Labeling confusion led to wasted doses of Pfizer Covid-19 vaccine in first days of rollout

With the Covid-19 vaccine in short supply, hospital pharmacists found themselves in the unexpected position of throwing away one in every six doses of the first Pfizer-BioNTech vaccines distributed this week in the United States.

The confusion came over labeling: The vaccine comes in vials labeled as containing enough for five doses. But pharmacists discovered that, after thawing and mixing the contents with a dilutent, each vial contained enough vaccine for six doses. Without explicit approval from the manufacturer, that final dose had to be discarded.

“It was overtly clear early on there’s some extra volume,” said Russell Findlay, pharmacy manager at University of Utah Health. His colleagues called Pfizer on Tuesday to ask if they could use the extra dose, said Findlay, but the company wouldn’t give a definitive answer.

advertisement

Pharmacists and executives at several health care systems said they didn’t feel they could risk using the extra dose, especially as Pfizer’s vaccine requires two doses, 21 days apart, to be effective. “We’re not fully confident of our future supply. Let’s say we use the six but we get fewer doses in the future, we might not have enough for the second dose,” said Findlay. “We need to be very cautious in managing that supply.”

Across the country in Boston, Paul Biddinger, medical director for emergency preparedness at Mass General Brigham, said he’d heard of the extra doses from the British vaccine rollout earlier this month. Despite being prepared, his team still had to throw out the additional doses on the first day of distribution.

advertisement

In Texas, the extra doses were discarded on the first day of distribution but, by Wednesday morning, Houston Methodist Hospital chief executive Roberta Schwartz said her team heard from Pfizer that it was okay to use what’s in the vial.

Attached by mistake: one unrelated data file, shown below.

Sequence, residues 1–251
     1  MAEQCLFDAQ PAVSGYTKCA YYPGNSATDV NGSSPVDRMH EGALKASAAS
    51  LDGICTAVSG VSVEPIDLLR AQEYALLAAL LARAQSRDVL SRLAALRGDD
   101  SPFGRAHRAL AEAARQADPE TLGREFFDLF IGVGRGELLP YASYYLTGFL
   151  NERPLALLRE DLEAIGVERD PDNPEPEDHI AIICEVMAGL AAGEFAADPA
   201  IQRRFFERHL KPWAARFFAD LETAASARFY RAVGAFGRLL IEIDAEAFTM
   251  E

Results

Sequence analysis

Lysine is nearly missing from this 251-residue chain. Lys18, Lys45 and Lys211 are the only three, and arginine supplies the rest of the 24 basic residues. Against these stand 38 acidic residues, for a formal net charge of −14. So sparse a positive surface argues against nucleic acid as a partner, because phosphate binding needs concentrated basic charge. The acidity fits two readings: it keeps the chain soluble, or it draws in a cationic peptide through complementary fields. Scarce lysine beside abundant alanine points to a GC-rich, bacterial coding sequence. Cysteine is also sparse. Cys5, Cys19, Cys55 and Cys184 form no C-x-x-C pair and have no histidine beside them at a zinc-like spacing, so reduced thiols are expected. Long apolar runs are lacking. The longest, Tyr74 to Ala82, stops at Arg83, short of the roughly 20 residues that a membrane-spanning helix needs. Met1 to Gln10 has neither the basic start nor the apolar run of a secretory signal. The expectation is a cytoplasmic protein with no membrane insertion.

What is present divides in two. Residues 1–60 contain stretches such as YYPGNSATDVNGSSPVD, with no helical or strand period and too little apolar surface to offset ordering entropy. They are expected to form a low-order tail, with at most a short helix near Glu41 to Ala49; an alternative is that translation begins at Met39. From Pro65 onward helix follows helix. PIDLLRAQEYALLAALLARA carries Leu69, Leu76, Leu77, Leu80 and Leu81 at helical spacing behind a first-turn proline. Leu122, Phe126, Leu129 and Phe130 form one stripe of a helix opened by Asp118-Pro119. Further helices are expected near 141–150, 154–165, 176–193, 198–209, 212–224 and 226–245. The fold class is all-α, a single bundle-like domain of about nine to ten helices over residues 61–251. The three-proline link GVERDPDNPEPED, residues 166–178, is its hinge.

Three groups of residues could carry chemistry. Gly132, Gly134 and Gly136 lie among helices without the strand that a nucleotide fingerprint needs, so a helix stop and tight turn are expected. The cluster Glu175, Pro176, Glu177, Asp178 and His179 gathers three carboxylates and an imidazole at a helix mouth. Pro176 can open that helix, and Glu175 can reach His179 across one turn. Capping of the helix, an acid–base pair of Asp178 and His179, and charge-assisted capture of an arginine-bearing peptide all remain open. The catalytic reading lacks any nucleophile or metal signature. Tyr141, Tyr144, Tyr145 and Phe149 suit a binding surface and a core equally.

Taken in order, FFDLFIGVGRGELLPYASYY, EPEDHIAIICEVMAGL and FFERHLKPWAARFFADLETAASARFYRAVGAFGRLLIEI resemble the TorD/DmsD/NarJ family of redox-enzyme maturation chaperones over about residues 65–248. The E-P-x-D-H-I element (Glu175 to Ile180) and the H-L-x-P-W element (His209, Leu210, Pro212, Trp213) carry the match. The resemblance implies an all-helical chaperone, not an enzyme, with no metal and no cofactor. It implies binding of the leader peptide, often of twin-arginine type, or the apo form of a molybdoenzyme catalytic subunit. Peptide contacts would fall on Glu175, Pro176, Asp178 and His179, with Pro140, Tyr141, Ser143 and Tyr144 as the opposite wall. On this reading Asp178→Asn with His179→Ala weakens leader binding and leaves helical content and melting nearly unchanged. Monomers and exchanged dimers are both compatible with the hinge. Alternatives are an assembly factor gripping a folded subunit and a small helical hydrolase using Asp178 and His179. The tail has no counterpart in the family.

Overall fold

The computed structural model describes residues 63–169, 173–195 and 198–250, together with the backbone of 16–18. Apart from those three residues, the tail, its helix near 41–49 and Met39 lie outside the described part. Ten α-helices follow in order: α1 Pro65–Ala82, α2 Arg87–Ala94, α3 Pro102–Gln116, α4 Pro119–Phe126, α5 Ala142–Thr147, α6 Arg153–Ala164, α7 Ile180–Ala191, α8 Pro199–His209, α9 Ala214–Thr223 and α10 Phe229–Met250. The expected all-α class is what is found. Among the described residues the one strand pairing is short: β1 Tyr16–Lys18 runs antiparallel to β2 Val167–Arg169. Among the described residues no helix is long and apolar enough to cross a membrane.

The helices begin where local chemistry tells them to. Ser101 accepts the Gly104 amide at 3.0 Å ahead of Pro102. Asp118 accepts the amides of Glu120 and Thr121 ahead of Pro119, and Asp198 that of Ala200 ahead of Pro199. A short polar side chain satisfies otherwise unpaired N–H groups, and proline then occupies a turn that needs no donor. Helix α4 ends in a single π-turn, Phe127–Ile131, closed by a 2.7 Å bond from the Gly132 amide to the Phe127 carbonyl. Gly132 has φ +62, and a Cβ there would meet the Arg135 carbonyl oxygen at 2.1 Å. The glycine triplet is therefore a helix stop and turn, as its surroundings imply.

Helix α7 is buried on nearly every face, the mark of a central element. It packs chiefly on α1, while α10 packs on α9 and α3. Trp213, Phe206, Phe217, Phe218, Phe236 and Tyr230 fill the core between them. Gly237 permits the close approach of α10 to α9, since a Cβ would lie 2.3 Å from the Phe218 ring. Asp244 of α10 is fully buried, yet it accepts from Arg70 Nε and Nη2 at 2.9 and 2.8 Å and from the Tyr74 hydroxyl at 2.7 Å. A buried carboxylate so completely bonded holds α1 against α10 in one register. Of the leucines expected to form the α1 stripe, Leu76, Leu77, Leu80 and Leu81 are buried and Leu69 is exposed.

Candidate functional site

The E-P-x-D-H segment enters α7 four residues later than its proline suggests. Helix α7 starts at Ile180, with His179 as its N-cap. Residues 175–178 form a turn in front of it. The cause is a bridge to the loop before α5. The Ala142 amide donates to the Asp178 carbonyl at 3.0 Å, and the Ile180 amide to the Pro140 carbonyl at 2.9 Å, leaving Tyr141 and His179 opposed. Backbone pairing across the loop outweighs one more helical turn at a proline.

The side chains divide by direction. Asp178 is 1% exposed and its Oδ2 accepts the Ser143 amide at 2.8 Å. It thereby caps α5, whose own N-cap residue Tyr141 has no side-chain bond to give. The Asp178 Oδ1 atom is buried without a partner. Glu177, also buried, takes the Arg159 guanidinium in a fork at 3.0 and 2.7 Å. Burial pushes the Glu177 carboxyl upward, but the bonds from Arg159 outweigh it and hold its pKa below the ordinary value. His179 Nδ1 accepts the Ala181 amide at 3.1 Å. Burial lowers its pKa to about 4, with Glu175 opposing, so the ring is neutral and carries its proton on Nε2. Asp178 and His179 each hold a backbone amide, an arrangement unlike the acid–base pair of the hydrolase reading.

Finally, on Wednesday afternoon, the U.S. Food and Drug Administration updated its guidance, saying health care providers should feel free to use all the full doses within each vial. “At this time, given the public health emergency, FDA is advising that it is acceptable to use every full dose obtainable (the sixth, or possibly even a seventh) from each vial, pending resolution of the issue,” spokesperson Abigail Capobianco wrote in an email to STAT. But any spare half doses should not be combined with half doses from other vials to create a whole one, she added.

But Pfizer was less definitive. Each vial contains enough vaccine for at least five doses, spokesperson Sharon Castillo said in an email to STAT, and each dose must contain 0.3ml. “The amount of vaccine remaining in the multidose vial after removal of 5 doses can vary, depending on the type of needles and syringes used,” she wrote.  ”At this time, we cannot provide a recommendation on the use of the remaining amount of vaccine from each vial. Vaccinators need to consult their institution’s policies for the use of multidose vials.”

If the dosing confusion was raised in the U.K., the FDA and Pfizer ideally should have issued clearer instructions about using the extra dose before distribution began this week in the U.S., said John Grabenstein, adviser to the American Pharmacists Association. “In a situation of limited supply, any waste is unfortunate.”

But all injectable medicines have overfill, he said, and the first stages of clinical practice normally raise small issues. “There’s a thousand matters to address in the first week. This one might only now rise to the level of getting checked out,” he said.

It makes sense to have some left-over liquid in a vial, said Findlay. Slight variations in the syringes used by different health systems could have small effects on the size of each dose, and changes in air pressure at different altitudes could also affect the volume of vaccine in a vial.

Even with the confusion over dosing, the first day of administering vaccines was a success, he said: “Yesterday was the best day of work I’ve ever had.”

Source: STAT